This is the fourth episode of WAVY-TV 10’s new “Unsolved” series. Each month, we will investigate an unsolved murder and speak with the friends, families, and police officers working tirelessly to find answers in these killings. Our goal is to highlight the impact of violence in our communities and show that no death should ever be a statistic.
CHESAPEAKE, Va. (WAVY) — Chesapeake Det. James Thomas says solving a murder is like putting a puzzle together without being able to look at the box.
“You have no idea what it’s going to be by the time you’re done,” Thomas said. “Do I have to have all the pieces to see the puzzle? Not always. But you have to have enough of the pieces so that when I look at the puzzle, I know that’s what it is.”
In the murder of Brandon Peller, detectives are still missing a major piece of the puzzle: The scene.
“There’s nowhere to know where he got shot at. Nobody knows where this kid got shot at,” Thomas said.
“So back to your puzzle analogy,” Thomas added. “I lose probably half the puzzle right off the beginning.”
24-year-old Peller had a 2-year-old son, a loving family in Virginia Beach, and a bright future ahead of him. All of that was ripped away on Sept. 16, 2012, when was pronounced dead at Chesapeake Regional Medical Center from a gunshot wound to the neck.
Police identified Peller based on his tattoos and delivered the terrible news to his mother at her home in Portsmouth that evening.
“I didn’t want to believe it, I was like, it’s not my baby, it can’t be,” Monica Johnson said. “Are you sure you got the right person? I kept asking that question.”
Peller’s murder was a mystery from the start.
Thomas said a person driving a black Nissan dropped Peller off at the hospital. That person couldn’t tell detectives where Peller was when he was shot. He said he and another person were on their way to pick Peller up for a job when another person flagged them down and told them he was injured.
But Thomas said police have always been suspicious of that story.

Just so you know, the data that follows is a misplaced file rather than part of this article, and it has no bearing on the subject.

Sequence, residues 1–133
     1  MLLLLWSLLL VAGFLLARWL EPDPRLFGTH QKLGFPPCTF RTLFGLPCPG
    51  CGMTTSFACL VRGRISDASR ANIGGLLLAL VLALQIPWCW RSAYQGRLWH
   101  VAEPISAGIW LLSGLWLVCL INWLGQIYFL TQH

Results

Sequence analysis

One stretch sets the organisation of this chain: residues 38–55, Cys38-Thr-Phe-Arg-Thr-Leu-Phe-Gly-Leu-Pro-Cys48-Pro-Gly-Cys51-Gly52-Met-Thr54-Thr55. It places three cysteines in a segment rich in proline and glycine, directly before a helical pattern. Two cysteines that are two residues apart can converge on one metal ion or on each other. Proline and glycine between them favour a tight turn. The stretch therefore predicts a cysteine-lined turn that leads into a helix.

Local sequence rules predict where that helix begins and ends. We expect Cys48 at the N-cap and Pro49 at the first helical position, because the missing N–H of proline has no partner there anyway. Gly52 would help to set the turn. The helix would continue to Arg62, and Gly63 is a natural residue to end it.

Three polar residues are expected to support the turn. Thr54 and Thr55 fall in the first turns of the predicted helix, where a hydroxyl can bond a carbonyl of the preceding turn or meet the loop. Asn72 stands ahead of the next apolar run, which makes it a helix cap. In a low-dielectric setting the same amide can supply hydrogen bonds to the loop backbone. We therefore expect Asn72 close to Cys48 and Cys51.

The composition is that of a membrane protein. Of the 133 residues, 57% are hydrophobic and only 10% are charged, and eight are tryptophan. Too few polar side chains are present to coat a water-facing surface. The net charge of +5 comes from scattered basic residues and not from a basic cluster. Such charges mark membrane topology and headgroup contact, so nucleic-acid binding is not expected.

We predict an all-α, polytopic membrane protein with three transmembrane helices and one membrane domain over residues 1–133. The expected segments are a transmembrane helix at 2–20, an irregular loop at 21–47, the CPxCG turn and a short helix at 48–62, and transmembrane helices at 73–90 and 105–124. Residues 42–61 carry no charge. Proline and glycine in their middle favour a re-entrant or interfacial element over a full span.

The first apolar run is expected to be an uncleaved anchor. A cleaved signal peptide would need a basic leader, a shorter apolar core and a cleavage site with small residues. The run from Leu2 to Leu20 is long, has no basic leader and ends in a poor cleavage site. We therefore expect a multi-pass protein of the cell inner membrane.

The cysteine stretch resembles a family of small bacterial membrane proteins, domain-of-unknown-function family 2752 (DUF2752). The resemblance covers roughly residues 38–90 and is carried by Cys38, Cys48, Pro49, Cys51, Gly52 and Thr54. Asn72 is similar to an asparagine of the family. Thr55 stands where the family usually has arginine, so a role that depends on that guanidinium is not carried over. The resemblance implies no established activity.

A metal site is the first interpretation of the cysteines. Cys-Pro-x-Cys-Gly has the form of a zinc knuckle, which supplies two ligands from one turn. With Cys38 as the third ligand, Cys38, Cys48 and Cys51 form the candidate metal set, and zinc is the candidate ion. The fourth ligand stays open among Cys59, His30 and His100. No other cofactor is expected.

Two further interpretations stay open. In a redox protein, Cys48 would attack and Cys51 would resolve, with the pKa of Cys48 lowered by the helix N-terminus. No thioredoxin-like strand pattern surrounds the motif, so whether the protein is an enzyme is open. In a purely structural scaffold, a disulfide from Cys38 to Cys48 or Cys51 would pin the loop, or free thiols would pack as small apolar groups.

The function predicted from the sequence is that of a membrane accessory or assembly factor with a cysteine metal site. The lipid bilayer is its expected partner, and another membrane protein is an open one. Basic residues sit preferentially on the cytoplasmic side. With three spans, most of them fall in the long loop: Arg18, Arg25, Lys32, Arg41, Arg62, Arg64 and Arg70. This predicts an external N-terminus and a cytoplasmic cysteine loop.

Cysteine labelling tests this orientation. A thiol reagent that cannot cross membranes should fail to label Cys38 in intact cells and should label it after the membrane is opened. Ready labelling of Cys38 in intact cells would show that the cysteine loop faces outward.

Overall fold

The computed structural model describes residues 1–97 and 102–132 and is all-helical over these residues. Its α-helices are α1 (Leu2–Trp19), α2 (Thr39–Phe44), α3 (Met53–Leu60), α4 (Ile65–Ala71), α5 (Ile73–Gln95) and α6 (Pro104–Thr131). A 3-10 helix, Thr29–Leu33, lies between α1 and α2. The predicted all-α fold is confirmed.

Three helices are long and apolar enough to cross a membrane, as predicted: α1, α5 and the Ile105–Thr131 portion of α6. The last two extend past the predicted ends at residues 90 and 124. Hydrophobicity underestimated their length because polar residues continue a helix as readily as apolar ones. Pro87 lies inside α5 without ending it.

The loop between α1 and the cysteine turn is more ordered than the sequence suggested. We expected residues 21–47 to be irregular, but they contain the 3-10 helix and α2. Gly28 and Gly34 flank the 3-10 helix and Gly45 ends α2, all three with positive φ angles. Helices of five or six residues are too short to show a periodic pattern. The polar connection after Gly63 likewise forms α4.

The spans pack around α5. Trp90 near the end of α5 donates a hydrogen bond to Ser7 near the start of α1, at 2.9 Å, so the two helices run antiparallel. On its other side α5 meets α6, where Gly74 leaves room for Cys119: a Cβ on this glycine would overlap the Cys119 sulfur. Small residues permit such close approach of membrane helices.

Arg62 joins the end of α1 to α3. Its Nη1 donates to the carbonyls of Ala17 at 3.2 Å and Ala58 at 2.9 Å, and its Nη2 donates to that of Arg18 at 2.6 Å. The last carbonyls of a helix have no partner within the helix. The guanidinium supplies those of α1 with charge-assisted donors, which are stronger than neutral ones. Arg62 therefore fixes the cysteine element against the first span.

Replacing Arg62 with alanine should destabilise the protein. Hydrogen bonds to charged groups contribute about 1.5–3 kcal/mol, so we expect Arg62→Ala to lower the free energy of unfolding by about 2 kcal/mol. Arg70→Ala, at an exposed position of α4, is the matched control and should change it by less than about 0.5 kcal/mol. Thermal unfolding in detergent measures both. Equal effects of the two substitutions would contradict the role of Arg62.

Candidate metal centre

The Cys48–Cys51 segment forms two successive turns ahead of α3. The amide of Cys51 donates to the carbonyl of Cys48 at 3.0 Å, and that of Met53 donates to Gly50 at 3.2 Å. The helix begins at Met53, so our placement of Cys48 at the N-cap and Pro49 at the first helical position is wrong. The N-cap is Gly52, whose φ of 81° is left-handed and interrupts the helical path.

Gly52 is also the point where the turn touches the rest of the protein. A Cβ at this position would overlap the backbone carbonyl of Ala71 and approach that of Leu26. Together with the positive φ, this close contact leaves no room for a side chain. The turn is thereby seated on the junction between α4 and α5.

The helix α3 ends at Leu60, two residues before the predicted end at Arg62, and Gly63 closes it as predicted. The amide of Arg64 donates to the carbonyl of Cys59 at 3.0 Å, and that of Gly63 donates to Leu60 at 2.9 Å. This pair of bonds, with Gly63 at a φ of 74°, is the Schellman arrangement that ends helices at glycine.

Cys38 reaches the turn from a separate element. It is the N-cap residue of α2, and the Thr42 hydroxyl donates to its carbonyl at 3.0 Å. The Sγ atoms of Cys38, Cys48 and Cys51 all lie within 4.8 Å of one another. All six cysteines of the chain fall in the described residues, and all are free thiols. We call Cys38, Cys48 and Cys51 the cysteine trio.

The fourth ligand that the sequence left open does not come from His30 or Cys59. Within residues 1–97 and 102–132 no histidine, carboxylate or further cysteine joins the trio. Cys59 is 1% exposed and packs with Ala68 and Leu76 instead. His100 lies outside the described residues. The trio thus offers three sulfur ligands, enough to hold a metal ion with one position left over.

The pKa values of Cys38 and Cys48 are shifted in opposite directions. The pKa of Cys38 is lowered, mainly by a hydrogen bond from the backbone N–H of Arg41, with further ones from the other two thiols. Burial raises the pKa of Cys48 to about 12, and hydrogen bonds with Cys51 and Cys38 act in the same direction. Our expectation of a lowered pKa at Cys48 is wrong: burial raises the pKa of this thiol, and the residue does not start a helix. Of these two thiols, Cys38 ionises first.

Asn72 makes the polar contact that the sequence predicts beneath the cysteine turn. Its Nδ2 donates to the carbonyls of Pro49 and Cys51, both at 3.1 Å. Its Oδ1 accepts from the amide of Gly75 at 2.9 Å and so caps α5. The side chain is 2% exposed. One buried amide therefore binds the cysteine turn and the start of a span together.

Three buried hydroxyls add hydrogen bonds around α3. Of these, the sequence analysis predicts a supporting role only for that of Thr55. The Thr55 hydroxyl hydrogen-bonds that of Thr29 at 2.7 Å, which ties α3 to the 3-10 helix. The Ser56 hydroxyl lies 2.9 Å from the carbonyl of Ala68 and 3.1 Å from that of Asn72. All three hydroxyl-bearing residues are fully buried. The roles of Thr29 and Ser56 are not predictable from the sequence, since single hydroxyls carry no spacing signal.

“His explanation of events was a little bit suspect in the beginning because of the way he said it all happened,” Thomas said.
“No, it’s not believable to us at all. But we’ve got to make sense of it. To have people lie to me, it’s not shocking. It’s just what people seem to want to do. They just don’t tell the truth,” Thomas added.
Detectives worked for three weeks to find out where Peller was shot. Eventually, they narrowed the location to the Kempsville and Centerville areas, but they were never able to determine exactly where the shooting happened.
Ten years later, police are still searching for answers in Peller’s death – and so is his family.
“It tore us apart. It eats at me,” Johnson said. “His older brother blamed himself. He wished it had been him. We were scared. We didn’t know why it had happened, we didn’t know who. We were scared, we didn’t know if we should be able to go outside.”
A quiet, yet rambunctious child, Peller would go on to get his GED at 16 and pursue an apprenticeship in brick masonry. Though he was the middle child, his family says he was something of a father figure to them.
“He acted like he was the daddy over everybody. He tried to run his siblings. He tried to run his cousins. He ran me,” Johnson said. “He would just come in and be the daddy, the leader, and everybody thought he was like a leader, so they trusted in him, and they followed him.”
Then, he became a father to his son Dymir.
“When I was pregnant with Dymir, he used to help out a lot, just being a good dad,” JoWanda Cheeseburge said.
Peller’s little boy was only 2 years old when his father died. Today, his family says he’s growing up into the spitting image of his dad.
It’s been 10 years since Peller died, and Johnson said the family’s wounds still haven’t healed. The biggest piece of the puzzle his family is missing is the name of the person who killed him.
“The why’s not even important anymore,” Johnson said. “It’s just more of the who.”